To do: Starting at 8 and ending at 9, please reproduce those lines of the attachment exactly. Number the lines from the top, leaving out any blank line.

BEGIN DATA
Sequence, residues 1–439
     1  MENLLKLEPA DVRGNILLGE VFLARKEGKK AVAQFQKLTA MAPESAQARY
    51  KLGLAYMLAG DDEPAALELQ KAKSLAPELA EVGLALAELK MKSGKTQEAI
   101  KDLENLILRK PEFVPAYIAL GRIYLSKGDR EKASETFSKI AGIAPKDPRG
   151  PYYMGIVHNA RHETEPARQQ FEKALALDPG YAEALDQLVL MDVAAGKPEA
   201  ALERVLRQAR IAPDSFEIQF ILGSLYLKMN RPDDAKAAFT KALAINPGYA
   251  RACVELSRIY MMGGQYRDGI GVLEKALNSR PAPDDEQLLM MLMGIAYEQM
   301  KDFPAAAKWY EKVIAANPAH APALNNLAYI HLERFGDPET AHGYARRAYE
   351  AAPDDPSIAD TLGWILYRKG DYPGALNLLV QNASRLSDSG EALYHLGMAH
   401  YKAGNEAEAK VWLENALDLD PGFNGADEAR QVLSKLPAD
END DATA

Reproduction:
   301  KDFPAAAKWY EKVIAANPAH APALNNLAYI HLERFGDPET AHGYARRAYE
   351  AAPDDPSIAD TLGWILYRKG DYPGALNLLV QNASRLSDSG EALYHLGMAH